A statement by the Pope does not really need to be ex cathedra to be infallible. Any teaching by the Pope that is agreed upon by the bishops is considered infallible. It can’t really be changed unless the Church were to later alter the whole concept of the Magisterium. So for example, Humanae Vitae, which banned contraception in 1968 but was not ex cathedra, is still considered infallible because it is taught by the Pope and the bishops as a whole and has been taught by such for quite some time.

Hope that helped.


#6

I just want to add something. Theoretically the Magisterium can never contradict itself, but I think it has in subtle ways. For example, the moral theology of sex changed form the early 20th century to Humanae Vitae in 1968. Originally it was only ok to have sex if you intended to procreate, but later the possibility of procreation was enough.


#7

Hi. For me as a person coming into the Catholic faith, my assumption is the Magisterium is correct. Not, they are wrong and they have to prove they are right. I feel I must submit.

Now, I do believe everything they teach, but you know, I’m not so sure I understand it. But, its OK, do I understand the assumption of Mary? Nah, but its not really a stumbling block for me.

Teak

edailymissal.org


#8

I think you’re mistaken in your last statement; it seems to imply that sexual relations are wrong where there is no possibility of procreation. To my knowledge, the Magisterium never taught that it was wrong/sinful for married couples to engage in sexual relations if procreation was not possible (eg. wife past menopause; husband or wife infertile).
[Moral theology is not necessarily an expression of infallible teaching.]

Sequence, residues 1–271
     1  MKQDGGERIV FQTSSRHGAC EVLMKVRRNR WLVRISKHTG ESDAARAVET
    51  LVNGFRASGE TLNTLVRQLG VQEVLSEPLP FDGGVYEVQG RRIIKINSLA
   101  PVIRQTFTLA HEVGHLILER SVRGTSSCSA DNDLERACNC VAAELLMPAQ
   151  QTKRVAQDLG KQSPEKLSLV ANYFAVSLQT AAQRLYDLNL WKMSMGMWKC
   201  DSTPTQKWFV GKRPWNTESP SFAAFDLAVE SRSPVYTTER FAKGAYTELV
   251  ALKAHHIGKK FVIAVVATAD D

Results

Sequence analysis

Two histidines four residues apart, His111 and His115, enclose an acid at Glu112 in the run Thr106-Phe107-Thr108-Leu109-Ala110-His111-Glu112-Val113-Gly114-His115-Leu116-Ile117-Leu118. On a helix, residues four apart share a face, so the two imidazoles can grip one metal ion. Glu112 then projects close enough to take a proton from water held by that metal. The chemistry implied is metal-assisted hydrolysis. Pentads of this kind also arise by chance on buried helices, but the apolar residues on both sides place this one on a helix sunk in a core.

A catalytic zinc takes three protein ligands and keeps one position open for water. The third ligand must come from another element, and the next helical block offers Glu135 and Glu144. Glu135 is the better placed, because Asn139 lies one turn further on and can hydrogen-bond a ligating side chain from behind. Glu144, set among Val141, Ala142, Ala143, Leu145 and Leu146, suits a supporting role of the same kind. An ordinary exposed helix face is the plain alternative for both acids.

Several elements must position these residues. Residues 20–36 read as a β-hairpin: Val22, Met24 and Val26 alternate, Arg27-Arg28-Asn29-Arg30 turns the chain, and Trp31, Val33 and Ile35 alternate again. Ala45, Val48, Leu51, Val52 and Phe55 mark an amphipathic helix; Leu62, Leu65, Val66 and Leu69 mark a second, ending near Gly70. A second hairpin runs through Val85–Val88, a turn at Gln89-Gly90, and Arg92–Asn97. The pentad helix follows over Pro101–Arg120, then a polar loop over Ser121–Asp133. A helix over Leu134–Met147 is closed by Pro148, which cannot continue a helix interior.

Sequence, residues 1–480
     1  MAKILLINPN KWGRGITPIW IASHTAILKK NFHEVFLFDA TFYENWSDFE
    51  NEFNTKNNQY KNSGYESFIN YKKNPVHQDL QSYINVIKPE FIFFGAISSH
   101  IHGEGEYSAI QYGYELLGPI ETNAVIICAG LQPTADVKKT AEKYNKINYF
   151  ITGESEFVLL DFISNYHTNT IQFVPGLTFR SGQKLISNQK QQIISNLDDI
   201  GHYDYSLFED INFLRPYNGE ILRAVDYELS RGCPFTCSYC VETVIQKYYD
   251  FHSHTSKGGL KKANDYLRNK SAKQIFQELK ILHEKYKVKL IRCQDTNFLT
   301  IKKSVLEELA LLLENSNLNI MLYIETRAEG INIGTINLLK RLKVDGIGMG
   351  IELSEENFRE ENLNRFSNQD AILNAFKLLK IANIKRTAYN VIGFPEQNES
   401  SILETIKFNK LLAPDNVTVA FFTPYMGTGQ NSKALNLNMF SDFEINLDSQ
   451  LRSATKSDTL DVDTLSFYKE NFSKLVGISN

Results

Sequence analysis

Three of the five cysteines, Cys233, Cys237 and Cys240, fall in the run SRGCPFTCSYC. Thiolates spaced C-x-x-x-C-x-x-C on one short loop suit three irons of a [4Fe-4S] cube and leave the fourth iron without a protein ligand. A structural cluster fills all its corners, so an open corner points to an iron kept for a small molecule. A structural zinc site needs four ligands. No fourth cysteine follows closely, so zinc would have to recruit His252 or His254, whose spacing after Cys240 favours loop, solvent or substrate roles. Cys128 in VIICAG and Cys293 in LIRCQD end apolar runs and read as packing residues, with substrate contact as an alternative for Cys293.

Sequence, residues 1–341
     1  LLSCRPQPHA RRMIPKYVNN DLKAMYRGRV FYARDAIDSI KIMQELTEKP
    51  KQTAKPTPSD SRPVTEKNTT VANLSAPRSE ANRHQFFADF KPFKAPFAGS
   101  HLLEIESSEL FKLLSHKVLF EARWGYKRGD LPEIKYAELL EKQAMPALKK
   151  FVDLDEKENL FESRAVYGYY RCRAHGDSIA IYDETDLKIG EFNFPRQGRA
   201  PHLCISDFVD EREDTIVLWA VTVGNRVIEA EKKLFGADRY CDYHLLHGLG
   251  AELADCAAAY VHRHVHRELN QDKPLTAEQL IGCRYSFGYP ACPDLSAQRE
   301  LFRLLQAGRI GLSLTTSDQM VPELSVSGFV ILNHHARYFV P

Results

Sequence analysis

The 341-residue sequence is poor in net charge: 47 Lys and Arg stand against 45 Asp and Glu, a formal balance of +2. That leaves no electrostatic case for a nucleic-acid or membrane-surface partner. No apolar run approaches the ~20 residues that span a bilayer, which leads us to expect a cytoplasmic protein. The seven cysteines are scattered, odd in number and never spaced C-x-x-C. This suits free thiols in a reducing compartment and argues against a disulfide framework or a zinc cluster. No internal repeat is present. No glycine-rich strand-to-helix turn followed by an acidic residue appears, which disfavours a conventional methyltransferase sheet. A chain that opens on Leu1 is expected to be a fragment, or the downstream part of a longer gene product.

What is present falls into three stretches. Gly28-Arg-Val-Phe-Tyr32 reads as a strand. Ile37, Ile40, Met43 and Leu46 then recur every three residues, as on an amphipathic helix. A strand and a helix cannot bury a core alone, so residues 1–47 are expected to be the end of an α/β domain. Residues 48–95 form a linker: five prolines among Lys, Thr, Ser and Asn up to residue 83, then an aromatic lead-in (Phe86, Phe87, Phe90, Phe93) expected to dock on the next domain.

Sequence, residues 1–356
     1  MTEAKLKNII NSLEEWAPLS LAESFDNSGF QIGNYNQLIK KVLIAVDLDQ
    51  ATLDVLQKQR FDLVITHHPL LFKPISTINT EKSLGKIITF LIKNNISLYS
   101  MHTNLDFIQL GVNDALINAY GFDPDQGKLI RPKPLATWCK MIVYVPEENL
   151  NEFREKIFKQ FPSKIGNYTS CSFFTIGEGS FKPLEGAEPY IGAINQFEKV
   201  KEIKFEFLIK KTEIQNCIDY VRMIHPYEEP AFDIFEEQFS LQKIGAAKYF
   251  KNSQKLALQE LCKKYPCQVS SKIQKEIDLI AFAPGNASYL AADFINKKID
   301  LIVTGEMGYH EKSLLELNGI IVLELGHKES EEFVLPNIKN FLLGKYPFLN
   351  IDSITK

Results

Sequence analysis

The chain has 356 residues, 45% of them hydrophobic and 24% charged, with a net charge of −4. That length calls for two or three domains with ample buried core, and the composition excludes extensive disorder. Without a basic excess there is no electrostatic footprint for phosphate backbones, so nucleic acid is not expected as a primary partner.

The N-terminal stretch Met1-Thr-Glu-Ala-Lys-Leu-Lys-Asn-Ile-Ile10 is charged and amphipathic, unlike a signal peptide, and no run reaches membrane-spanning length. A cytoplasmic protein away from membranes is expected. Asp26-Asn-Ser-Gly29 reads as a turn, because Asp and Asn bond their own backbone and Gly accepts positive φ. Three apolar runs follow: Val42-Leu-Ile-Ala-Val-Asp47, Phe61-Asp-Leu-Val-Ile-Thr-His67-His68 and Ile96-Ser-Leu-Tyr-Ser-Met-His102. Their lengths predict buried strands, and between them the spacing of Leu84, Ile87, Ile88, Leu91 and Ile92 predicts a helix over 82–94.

I realize there may have been some individuals who did teach it was wrong. But if there were such a teaching by the Magisterium, it would obviously have to be recorded somewhere – in an official Church Council document or in various papal encyclicals. In other words, some record that officially that was the teaching of the Pope and the bishops and was to be accepted by all the faithful. This would be true for any doctrine considered “infallible”.

Nita


#9

Nita, I believe it was in previous papal documents. I just don’t have the information. I could be wrong, I’m not infallible, like some people.


#10

We are required to be obedient to Church teaching in all matters of faith and morals regardless if it is defined ex cathedra or not infallibly proposed.

At times the magisterium proposes matters of faith and morals infallibly, i.e., with the assurance that what is proposed is absolutely irreformable and a matter to be held definitively by the faithful. At other times the magisterium proposes matters of faith and morals authoritatively and as true, but not in such wise that the matter proposed is to be held definitively and absolutely. But still the matter proposed is to be held by the faithful and to be held as true.** Note that the proper way to speak of teachings proposed in this way is to say that they are authoritatively taught; it is not proper to say that they are fallibly taught.**

Moral teachings authoritatively but not infallibly proposed as true are binding upon the consciences of the faithful (including pope, bishops, theologians, and ordinary laypeople). All the faithful are to give these teachings a religious submission (obsequium religiosum) of will and mind. Teachings authoritatively proposed are proposed as true, not as opinions or “prudential guidelines.”

Can we dessent to obsequium religiosum? No, not really. But a very well informed theologian on the cutting edge of teaching formation (say in the moral aspects of new and complex technology areas like genetic research) may “withhold assent” and raise questions, but this is a far cry from “dissent.”

Your question is really theoretical in nature since there has never been a retraction of moral teaching - just greater definition for clarity and refinement. Do you have an example of what you imagine is a retraction of a teaching?

In essence the magisterium speaks with the authority of Christ and we are not to try and form ways of circumventing teachings that are meant to prevent us from falling into grave sin since that would be self defeating.